Joe Levi:
a cross-discipline, multi-dimensional problem solver who thinks outside the box – but within reality™

Free Exchange-like syncing to Windows Mobile

This article details how and why I switched from Mail2Web’s Hosted Exchange to Google’s services. If you just want to know how to make the switch yourself, jump down to the “Making the Switch” section.


Ever since the first Windows Mobile phone that I owned (called “Pocket PC Phone Edition” back in the day) I’ve had a data plan so I could get and send email, and eventually sync my contacts and calendar anywhere in the world (well, anywhere with data coverage).

Then the Crack-Berry BlackBerry came on the scene and the idea caught on with the “mainstream” users.

The Early Days

When I started out I was just pulling mail from my POP server every 15 minutes, and pushing mail to my SMTP server as messages were sent. My calendar and contacts were stored on my desktop computer and I had to sync them manually by physically (gasp!) cradling the phone when I’d get home at night. That worked fairly well, but if I had an Exchange Server to sync with, I could do all that over-the-air; email, calendar, contacts, and tasks (though I never use those for reasons I won’t get into in this article).

Hosted Exchange

Thanks to a post on Pocket PC Thoughts years and years ago, I was pointed in the direction of a Hosted Exchange Server called Mail2Web. These guys basically ran an Exchange Server that they sold services for. They had paid services, and free services. The free version gave users an Exchange account with access via Outlook Web Access (OWA) and Syncing to a mobile device (BlackBerry, Windows Mobile, etc.). Their business model was such that your space was somewhat limited and you could not sync with a desktop/laptop under the free plan, but you could “upgrade” to a paid plan that expanded your storage and extended your syncing to include desktop/laptop computers. Nice, but I was okay with the free version.

Eventually Exchange 2007 came out, Mail2Web’s “free” customers were still being hosted on Exchange 2003, which was still okay with me.

Finally, the other shoe fell, Mail2Web decided to upgrade to Exchange 2007 across the board and killed their free service.

I decided to find out what other companies were out there offering free Hosted Exchange. I couldn’t find any that were less expensive than the $5/month Mail2Web was going to charge, let alone any free ones. I decided to have Mail2Web migrate my account to Exchange 2007 for their free trial.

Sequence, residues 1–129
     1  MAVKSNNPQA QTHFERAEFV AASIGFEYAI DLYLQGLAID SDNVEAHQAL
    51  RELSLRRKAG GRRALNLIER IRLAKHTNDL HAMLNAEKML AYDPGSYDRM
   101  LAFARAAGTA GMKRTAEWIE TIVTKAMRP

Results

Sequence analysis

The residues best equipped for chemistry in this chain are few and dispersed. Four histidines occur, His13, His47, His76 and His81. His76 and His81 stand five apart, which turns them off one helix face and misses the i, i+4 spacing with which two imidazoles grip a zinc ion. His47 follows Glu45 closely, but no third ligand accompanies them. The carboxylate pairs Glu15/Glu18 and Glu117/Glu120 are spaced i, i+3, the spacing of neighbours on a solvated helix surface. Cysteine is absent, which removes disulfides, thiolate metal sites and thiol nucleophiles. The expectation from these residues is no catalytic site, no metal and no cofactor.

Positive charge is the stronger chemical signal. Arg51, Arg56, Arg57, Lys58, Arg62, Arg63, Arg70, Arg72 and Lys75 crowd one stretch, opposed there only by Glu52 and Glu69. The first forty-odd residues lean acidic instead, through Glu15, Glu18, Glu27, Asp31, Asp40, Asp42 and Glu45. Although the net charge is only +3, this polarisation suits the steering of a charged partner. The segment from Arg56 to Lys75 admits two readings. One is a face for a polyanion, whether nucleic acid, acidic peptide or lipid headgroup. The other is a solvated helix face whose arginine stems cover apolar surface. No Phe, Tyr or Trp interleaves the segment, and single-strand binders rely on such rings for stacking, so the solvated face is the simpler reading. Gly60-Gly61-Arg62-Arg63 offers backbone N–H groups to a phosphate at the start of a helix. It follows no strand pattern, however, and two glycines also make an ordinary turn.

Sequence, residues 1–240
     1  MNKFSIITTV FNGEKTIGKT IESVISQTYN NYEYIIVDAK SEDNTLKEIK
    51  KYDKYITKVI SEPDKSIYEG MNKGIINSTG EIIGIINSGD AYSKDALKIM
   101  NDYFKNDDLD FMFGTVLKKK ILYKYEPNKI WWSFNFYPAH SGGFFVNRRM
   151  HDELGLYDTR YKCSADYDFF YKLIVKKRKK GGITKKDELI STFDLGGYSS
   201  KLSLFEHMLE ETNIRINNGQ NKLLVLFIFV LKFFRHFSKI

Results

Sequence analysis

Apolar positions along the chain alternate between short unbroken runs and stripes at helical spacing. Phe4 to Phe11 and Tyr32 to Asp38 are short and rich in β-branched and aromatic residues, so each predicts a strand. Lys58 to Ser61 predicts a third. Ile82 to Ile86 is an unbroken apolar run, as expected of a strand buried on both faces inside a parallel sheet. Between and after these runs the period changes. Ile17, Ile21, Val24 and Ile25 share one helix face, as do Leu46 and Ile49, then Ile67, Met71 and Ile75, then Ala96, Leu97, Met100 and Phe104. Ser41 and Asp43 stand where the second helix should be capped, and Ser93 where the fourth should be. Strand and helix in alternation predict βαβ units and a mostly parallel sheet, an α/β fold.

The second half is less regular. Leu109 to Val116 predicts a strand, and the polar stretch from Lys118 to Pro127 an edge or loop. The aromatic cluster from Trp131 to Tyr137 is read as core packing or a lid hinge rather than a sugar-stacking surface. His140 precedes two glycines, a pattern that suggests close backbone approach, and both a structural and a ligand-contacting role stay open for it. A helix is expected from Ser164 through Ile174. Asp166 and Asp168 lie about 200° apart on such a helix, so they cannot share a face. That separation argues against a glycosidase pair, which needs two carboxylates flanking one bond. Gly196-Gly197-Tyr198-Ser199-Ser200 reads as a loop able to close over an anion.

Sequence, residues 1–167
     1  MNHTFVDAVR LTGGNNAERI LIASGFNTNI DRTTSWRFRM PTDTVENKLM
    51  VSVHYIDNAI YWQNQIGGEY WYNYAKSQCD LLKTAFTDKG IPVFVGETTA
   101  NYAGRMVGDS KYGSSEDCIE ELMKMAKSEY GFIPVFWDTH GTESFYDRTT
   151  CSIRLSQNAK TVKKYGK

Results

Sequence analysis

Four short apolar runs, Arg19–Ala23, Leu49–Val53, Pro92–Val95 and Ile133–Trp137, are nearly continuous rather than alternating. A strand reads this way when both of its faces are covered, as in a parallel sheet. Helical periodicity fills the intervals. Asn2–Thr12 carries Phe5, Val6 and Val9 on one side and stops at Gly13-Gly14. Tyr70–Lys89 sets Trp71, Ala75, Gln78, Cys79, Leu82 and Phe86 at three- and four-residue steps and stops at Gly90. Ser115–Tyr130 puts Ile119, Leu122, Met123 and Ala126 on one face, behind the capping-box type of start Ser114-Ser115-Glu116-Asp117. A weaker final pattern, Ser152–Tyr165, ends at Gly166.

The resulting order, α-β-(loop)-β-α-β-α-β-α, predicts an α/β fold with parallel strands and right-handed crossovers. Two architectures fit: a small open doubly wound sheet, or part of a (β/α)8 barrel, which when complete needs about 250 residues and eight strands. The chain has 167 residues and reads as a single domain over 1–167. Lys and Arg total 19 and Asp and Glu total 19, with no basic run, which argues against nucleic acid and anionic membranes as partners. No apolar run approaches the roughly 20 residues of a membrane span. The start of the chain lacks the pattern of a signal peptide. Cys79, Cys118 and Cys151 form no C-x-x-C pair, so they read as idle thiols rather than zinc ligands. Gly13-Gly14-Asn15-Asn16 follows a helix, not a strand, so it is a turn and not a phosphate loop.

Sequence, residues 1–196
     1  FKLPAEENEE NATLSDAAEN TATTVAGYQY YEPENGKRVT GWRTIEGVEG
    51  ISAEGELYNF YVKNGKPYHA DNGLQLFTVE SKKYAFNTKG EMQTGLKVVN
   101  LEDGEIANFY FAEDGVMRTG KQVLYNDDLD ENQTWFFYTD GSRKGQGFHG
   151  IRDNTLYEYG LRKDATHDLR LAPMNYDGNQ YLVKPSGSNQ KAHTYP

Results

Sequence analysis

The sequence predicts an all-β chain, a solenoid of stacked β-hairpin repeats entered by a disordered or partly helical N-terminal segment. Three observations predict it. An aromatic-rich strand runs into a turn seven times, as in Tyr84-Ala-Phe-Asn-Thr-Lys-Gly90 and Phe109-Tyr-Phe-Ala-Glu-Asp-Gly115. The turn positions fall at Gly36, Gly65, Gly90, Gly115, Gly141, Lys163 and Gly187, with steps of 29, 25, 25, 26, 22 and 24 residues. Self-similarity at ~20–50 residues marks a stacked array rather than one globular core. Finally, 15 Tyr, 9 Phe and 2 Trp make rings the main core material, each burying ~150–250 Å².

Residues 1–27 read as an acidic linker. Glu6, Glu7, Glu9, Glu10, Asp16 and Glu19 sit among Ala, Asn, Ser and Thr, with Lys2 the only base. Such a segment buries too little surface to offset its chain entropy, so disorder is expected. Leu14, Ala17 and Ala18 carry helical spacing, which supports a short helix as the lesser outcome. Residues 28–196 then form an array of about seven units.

The trial came with an upgraded OWA, emails could now be sync’d in html (not just plain text), and I now had the power to initiate a remote-wipe (should my device ever become lost or stolen). I was impressed – but was I $60/year impressed? No, but what were my options?


My friend (Mike Dopp) and my brother (Josh) both picked up Google’s G-One phone, which syncs its calendar, contacts, and email with Google’s services. I played with the device, and I like it. It’s still a baby, and I don’t feel it out-classes my AT&T Tilt (with HTC’s Tytn II ROM, unlocked, and running on T-Mobile), not yet anyway, but I’m impressed nonetheless.

What got me was the ease of use of Google’s services: Gmail and Google Calendar.

I’m already in love with Google Voice (I got on that train back when it was Grand Central), I already had a Gmail account (that I rarely used), so why not make the switch?

Making the Switch

My primary email address is my account, so the first thing I did was turn off the “forward all” rule which was sending my mail to Mail2Web.

imageNext, I set Gmail up to pull my messages from my mailbox via POP3. To do this log in to your Gmail account and click the settings link in the upper-right, then open the Accounts and Import tab. On this tab you can Add a POP3 email account to check, and Send mail as that account (so could pull his POP3 email into Gmail, and reply from the @microsoft address, rather than the @gmail account).

imageNext, we want to be able to get our mail from Gmail without having to visit the site. To do that we can use POP3 or IMAP. I prefer using IMAP because it can “sync” your email client with Gmail, rather than the default behavior of POP3 (which is to remove the messages from the server when downloaded to the client; Gmail lets you override this default behavior, but why not just use the protocol that was built to do this?). So we tick the “Enable IMAP” radiobutton and Save Changes.

To set up your email client, click IMAP “Configuration instructions” link for Google’s very thorough instructions for a pretty good variety of clients.